Her internship as the marketing director’s assistant makes her primarily responsible for reaching out to vendors but also for planning, implementing and directing all of the events.

Phipps said she worked with Midpoint promotional events, of which she specifically enjoyed Friday nights in Fountain Square.

According to Phipps there were several regulars who would come back, recognize her and say hi.

“I remember there was one guy in particular. I don’t think we ever really exchanged names but we were always just like ‘hey!’ and he would come over and hang at my table and everything. He was just so excited for this event,” Phipps recalled.

She said the man would show up every Friday because he wanted to hear the music and try to win tickets. CityBeat has a drawing where people can put in their names and receive two 3-day passes to MPMF if they are picked at the end of the night.

“He has had such a great outlook on the event that he’s like ‘I’ve gone every single year. Even if I don’t win tickets, I’m still buying my three-day passes,’” Phipps said.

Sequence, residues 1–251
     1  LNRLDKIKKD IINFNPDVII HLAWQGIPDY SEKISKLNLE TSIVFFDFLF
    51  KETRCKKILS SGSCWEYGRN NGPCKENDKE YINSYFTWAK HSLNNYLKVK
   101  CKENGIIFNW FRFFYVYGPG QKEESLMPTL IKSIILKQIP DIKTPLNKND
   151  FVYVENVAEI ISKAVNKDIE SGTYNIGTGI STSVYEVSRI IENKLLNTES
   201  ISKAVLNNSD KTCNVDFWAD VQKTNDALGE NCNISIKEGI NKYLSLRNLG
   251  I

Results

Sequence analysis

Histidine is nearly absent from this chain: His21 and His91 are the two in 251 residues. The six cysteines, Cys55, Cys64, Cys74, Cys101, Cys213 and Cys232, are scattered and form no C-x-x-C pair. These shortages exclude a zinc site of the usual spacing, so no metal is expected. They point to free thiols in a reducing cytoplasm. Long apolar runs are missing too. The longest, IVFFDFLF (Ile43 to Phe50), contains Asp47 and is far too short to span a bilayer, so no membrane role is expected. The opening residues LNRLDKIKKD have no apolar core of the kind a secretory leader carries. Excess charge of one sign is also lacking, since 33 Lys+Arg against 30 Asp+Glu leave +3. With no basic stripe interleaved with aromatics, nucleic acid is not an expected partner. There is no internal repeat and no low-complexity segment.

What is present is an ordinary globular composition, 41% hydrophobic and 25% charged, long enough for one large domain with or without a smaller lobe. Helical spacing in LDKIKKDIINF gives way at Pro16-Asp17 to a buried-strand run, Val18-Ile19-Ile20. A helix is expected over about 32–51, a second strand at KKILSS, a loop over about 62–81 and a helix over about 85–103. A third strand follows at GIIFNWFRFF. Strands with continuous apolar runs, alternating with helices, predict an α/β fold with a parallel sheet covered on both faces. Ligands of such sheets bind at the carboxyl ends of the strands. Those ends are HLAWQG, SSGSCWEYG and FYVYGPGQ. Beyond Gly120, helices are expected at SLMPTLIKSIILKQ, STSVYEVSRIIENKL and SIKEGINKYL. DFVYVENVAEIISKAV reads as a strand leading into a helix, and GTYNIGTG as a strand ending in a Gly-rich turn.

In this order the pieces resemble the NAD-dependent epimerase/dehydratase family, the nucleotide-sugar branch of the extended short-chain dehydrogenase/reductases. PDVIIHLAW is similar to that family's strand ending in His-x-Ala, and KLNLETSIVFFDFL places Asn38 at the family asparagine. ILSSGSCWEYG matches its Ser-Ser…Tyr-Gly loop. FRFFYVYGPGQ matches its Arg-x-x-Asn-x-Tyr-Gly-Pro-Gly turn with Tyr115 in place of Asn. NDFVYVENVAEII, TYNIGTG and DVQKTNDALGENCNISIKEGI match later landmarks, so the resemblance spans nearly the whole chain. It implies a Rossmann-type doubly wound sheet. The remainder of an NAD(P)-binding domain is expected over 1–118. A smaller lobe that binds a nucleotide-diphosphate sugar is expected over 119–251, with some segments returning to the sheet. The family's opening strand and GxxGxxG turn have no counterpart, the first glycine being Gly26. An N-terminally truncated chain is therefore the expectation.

Location, location, location

Phipps is also excited about the fact that some of the musical performances are taking place in Over the Rhine.

According to Phipps, people are really working on cleaning up that area of the city and it is becoming a safer place.

Moreover, she said it’s becoming more sustainable for the families that are living there.

“I honestly think it’s just something that’s huge that’s helping impact that community in a positive way,” Phipps added.

Phipps said her most rewarding experience at CityBeat was working on an event called ‘Crafts and Drafts,’ which she began planning in June and which took place on Sept. 6.

Because this was the first year for this event, Phipps said she and her marketing director took the task head-on.

Phipps had to reach out to vendors all across Cincinnati by calling and emailing people who might have come to a brewery like Rhinegeist and presented their art.

“I might’ve seen art things going on in the city and then we’d go there and get business cards,” Phipps said. “There were tons and tons of business cards and I had to get all of their information into an excel spreadsheet. It honestly was a huge research project for me.”